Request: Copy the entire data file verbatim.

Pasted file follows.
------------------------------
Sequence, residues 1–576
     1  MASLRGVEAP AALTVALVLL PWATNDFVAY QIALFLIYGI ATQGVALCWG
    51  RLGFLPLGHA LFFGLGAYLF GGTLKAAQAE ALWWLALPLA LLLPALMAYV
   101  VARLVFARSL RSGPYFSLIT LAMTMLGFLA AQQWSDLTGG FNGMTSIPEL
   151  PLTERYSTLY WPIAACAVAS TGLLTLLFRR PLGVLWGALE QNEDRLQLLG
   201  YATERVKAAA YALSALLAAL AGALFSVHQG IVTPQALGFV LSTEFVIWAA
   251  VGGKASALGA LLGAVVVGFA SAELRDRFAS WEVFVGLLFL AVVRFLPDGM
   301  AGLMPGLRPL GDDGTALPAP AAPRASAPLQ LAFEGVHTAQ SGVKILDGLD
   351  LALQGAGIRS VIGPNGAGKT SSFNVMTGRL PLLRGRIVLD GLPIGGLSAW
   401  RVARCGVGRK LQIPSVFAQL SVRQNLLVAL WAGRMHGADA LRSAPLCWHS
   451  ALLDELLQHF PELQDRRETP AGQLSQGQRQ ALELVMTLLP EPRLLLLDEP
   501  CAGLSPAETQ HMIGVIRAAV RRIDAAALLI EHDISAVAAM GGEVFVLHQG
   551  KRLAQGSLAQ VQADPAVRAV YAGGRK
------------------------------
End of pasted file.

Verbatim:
Sequence, residues 1–576
     1  MASLRGVEAP AALTVALVLL PWATNDFVAY QIALFLIYGI ATQGVALCWG
    51  RLGFLPLGHA LFFGLGAYLF GGTLKAAQAE ALWWLALPLA LLLPALMAYV
   101  VARLVFARSL RSGPYFSLIT LAMTMLGFLA AQQWSDLTGG FNGMTSIPEL
   151  PLTERYSTLY WPIAACAVAS TGLLTLLFRR PLGVLWGALE QNEDRLQLLG
   201  YATERVKAAA YALSALLAAL AGALFSVHQG IVTPQALGFV LSTEFVIWAA
   251  VGGKASALGA LLGAVVVGFA SAELRDRFAS WEVFVGLLFL AVVRFLPDGM
   301  AGLMPGLRPL GDDGTALPAP AAPRASAPLQ LAFEGVHTAQ SGVKILDGLD
   351  LALQGAGIRS VIGPNGAGKT SSFNVMTGRL PLLRGRIVLD GLPIGGLSAW
   401  RVARCGVGRK LQIPSVFAQL SVRQNLLVAL WAGRMHGADA LRSAPLCWHS
   451  ALLDELLQHF PELQDRRETP AGQLSQGQRQ ALELVMTLLP EPRLLLLDEP
   501  CAGLSPAETQ HMIGVIRAAV RRIDAAALLI EHDISAVAAM GGEVFVLHQG
   551  KRLAQGSLAQ VQADPAVRAV YAGGRK